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N.Korea vows 'military-first' policy

By JONG-HEON LEE, UPI Correspondent   |   April 25, 2002 at 3:06 PM   |   Comments

SEOUL, April 25 (UPI) -- North Korea has launched a nationwide campaign to make its 1.1 million-strong army stronger to cope with military threats from the United States, official Korean media said Thursday.

In a show of civilian support for the military, tens of thousands of students, workers and farmers joined a large-scale military parade staged in central Pyongyang to mark the 70th anniversary of the founding of the country's armed forces.

Pyongyang's state-run newspaper said all citizens in the country would join hands with army troops to make the People's Army stronger in order to ward off threats from the "U.S. warmongers" who have tried to seize a chance to provoke a nuclear war with North Korea.

Rodong Sinmun, the mouthpiece of the ruling Workers' Party, cited the Pentagon's recent nuclear posture review that described contingency plans for using nuclear arms against North Korea as a sign that the United States was ready to conduct nuclear attack.

"Our country is turning into the main target of U.S. imperialists' military plot and the fiercest battlefield for our military confrontations with the U.S. imperialists," it said.

The newspaper called for all-out national efforts to expand North Korea's military power.

"The people should support and assist the army, and the army and the people should defend the sovereignty of the nation," Rodong Sinmun said.

The country with a population of 22 million has an armed force of 1.1 million, the world's fifth largest.

It also asked for all North Koreans to uphold "military-first politics" created by Kim Jong Il who rules North Korea in the capacity of the top military official.

"Our citizens have to be unconditional adherent and stanch supporters of the army-first thought, a treasured sword for complete triumph in the struggles to accomplish the cause of self-reliance," Rodong Sinmun said.

Kim has led "a war minus gun reports against the imperialists to a victory with steel-strong will, matchless courage and rare strategy to save the fates of the country and the nation," it said.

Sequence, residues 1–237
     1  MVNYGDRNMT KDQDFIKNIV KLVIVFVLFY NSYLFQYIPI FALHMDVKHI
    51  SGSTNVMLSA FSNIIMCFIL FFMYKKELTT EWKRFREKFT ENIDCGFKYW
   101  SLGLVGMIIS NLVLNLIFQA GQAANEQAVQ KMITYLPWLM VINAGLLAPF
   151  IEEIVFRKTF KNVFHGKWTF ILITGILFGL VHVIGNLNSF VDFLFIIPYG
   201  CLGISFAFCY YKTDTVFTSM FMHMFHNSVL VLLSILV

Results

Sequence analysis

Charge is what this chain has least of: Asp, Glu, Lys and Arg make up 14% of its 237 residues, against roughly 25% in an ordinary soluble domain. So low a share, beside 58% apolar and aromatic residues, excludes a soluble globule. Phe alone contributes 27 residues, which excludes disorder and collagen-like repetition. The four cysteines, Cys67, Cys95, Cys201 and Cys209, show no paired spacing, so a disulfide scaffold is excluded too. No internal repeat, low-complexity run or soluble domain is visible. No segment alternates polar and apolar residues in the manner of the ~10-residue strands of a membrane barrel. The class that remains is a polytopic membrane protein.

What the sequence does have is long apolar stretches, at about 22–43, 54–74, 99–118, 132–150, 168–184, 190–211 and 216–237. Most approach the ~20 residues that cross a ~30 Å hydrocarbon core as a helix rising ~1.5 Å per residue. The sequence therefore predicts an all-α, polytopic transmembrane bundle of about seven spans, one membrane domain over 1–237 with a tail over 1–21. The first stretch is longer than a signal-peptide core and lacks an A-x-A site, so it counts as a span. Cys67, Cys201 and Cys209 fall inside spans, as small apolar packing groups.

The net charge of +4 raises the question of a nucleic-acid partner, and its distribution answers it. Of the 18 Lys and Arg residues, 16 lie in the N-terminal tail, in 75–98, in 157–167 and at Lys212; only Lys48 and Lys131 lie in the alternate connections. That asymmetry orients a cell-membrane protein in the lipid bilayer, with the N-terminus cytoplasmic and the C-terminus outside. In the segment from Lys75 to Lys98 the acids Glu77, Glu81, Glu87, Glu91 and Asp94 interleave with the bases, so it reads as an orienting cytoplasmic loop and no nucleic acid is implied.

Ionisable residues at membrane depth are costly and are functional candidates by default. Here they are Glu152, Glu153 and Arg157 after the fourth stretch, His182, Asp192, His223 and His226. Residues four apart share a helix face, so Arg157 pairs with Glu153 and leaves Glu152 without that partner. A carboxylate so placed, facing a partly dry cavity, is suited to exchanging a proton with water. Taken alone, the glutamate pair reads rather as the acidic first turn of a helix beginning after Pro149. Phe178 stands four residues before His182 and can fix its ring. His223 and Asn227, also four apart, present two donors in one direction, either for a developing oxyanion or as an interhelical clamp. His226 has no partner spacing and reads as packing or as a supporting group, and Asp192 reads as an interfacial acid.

Kim reviewed the military parade held at the Kimilsung Square crowded with government officials and citizens, the North's television footage showed. Taking part were members of "the worker-peasant red guard and the young red guard," as well as students of "revolutionary schools and military academies," the official Korean Central TV said.

In a statement at the ceremony, the North's People's Armed Forces Minister Kim Il Chol pledged "unconditional" loyalty to Kim Jong Il and vowed to defend the country from a U.S. scheme to stifle it with force.

"It is our army's tradition to respond to any strong action with stronger action, and control fire with fire," Kim was quoted as saying.

Analysts in Seoul said the North's campaign was a move to intensify control over the population that is suffering from food shortages.

"North Korea's mobilization of many civilians for the military function is largely aimed at stressing the military-first policy as well as demonstrating its military capabilities," said Paek Seung-ju, a defense analyst.

Topics: Kim Il Chol
© 2002 United Press International, Inc. All Rights Reserved. Any reproduction, republication, redistribution and/or modification of any UPI content is expressly prohibited without UPI's prior written consent.
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